ADDIS ABABA (Reuters) - Ethiopia’s currency devaluation boosted exports in the past six months and helped narrow the burgeoning trade gap, Prime Minister Meles Zenawi said.
The Ethiopian birr was devalued by 16.7 percent in September last year to bolster competitiveness, the fourth such move since 2009.
Ethiopia’s export revenue reached $1.11 billion during the first half of this year, while first-quarter revenue rose 64 percent from a year earlier, according to the trade ministry.
The Horn of Africa nation recorded a trade deficit of some $5 billion last year.
Meles said imports in the last six months have increased 30 percent, compared to exports during the period.
“The fact that exports are growing faster than imports is precisely what the devaluation programme was intended to achieve,” he told journalists late on Saturday.
“On balance, we are comfortable with the trade figures. We have done better than planned in the export sector that among other things is reflected in the (increased) foreign exchange reserves,” Meles added.
Ethiopia is Africa’s biggest coffee exporter and the world’s fourth-largest exporter of sesame.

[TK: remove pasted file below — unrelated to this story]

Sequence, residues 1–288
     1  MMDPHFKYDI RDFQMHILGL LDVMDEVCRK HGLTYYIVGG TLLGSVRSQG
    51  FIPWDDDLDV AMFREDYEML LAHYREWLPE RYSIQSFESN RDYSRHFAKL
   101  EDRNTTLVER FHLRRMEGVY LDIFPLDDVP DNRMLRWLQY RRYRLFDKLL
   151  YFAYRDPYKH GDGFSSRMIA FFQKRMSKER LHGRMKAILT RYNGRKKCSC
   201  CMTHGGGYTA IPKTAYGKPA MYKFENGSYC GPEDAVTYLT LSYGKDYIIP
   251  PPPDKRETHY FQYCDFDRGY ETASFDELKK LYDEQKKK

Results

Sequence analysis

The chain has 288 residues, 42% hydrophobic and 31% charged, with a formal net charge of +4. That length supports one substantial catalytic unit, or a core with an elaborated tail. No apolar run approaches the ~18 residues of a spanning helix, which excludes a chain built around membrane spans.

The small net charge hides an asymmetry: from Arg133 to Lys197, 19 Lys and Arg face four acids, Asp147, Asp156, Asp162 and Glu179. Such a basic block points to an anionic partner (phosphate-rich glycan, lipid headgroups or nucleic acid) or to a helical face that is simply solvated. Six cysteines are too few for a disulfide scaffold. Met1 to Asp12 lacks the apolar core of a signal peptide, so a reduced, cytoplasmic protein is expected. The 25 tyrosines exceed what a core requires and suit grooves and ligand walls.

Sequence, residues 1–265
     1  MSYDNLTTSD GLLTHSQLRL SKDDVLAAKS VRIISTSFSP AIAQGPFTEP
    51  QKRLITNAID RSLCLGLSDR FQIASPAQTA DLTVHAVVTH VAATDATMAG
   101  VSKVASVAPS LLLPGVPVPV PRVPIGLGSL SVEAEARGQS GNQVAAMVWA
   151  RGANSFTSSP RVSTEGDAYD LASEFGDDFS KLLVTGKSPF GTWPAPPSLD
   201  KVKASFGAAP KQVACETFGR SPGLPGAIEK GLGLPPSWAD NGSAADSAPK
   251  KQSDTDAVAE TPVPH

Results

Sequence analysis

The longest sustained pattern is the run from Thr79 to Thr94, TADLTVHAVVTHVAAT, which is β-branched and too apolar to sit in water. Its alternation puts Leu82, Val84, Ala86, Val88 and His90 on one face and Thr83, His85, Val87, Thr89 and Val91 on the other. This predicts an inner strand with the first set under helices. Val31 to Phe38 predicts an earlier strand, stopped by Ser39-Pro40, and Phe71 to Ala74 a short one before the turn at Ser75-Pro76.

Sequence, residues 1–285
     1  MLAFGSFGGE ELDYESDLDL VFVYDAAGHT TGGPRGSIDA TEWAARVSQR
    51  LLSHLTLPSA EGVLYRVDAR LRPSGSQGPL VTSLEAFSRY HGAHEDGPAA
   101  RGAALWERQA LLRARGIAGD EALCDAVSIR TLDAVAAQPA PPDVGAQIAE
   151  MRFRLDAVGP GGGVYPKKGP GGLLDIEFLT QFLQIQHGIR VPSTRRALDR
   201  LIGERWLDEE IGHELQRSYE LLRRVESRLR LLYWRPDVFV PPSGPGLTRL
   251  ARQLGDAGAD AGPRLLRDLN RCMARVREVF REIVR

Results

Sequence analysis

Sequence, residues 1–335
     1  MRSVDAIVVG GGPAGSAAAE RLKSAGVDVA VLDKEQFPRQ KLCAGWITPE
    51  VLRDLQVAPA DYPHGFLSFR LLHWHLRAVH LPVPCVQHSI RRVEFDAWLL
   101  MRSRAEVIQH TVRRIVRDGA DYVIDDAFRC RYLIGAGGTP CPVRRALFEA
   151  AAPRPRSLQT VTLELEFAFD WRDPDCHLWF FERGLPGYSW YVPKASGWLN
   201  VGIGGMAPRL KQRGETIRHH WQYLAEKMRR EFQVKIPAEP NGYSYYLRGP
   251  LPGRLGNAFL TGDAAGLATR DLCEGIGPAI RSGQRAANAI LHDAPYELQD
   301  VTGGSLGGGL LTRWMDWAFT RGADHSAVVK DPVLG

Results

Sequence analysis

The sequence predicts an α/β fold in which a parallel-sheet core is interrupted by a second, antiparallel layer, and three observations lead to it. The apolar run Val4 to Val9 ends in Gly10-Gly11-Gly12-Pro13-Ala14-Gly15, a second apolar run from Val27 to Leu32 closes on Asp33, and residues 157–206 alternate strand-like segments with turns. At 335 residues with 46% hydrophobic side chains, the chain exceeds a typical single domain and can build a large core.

Analysts have expressed concern that the devaluation may risk importing inflation.
Ethiopia’s annual inflation jumped to 17.7 percent in January, helped by rising food prices, which rose 13.6 percent from a year earlier.
Authorities in Addis Ababa have blamed the price hikes on retailers who artificially inflated prices on the back of global increases and the devaluation, though such factors had had no influence on the availability of their products.
The nation imposed price ceilings earlier in January on some 20 commodities, including rice and sugar, in an attempt to ease inflationary pressures.
Meles said his administration would address shortages in items, such as sugar and edible oil, which have been dropped from the shelves of many outlets.
“We intend to import lots of edible oil and sugar and flood the market to make sure it stabilises,” he said.
“We believe the gaps in the system will be filled in the short run and the structural flaws in the system will be addressed through legislation,” Meles added.
Joseph Lake, an analyst at the Economist Intelligence Unit, said Ethiopia’s current efforts are unlikely to curb rising inflation.
“The government insists that trader profiteering is the main driver of price rises, but currency devaluations as well as rising global food and fuel prices are feeding into inflationary pressures,” he told Reuters.
“The government-imposed price ceilings will not be enough to offset international price rises for oil, foodstuffs and construction materials, and inflation will accelerate in 2011.”